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The Perils of Competence

Updated: Nov 6, 2021

Up Against the Wall of Pathological Self-Sufficiency

I'm quite competent. I can do a number of things relatively well and a bunch of stuff passably. I have a strong sense of initiative, perseverance, scary analytical skills, and an unnaturally high pain threshold. Armed with nothing more than a YouTube video and a screwdriver, I'll attempt daunting tasks that I have no business doing. I have been known to undertake giant life changes in a single bound, single-handedly. Ironically, despite being a person of great faith, I have done a lot of life tightly gripping the reins, claiming God's will on ill-advised decisions made all by my lonesome. Competence can be a quality or it can be a train wreck. Because apart from God, my very best thinking can and has gotten me into a mess of trouble. This principle applies to entire nations too.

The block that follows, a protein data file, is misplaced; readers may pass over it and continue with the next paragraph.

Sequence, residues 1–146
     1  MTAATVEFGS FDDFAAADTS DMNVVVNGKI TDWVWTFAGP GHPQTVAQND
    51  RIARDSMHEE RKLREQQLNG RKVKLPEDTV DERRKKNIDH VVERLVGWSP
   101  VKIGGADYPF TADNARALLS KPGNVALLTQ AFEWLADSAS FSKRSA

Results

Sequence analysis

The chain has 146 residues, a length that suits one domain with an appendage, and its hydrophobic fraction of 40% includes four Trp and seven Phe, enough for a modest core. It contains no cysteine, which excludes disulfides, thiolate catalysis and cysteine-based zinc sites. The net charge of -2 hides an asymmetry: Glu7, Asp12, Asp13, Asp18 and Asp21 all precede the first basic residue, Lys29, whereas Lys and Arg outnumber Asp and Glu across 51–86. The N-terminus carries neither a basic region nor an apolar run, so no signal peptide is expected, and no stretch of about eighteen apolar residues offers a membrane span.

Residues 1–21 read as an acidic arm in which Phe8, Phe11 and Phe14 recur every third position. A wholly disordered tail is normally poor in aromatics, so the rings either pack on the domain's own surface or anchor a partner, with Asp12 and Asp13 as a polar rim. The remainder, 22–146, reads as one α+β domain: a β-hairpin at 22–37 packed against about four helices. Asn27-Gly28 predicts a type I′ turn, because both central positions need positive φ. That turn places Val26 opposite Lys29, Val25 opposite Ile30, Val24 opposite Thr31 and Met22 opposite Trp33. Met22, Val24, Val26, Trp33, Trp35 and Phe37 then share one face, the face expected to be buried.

Badly executed home improvement projects aside, I have made a mess of a few things, or at the very least contributed significantly: businesses, relationships, resources. This, notwithstanding a fine brain, a ton of energy, abundant good will, and all the virtues listed above. Sometimes, my lousy outcomes were the direct result of my sincere but misguided belief I was doing the "right" thing, vetted in a vacuum. All that has been muddied by my own brokenness, a desire to control, fear, and selfishness. Let's call it sin, to keep it simple.

Nonetheless, God has blessed me a lot because He loves me and is known to be gracious and merciful. Still, consequence-wise, I surely could have spared myself and others a whole lot of trouble by aligning my will with God's. Only He knows what I missed by settling for less than the best. Rather than live in regret, I can do the post-mortem to learn my lessons (Rick Warren offers this approach; 12 Step programs have the 4th step), confess to God and a trusted other, fix what I can, and move on, asking for God's help to do it differently next time. That's called repentance.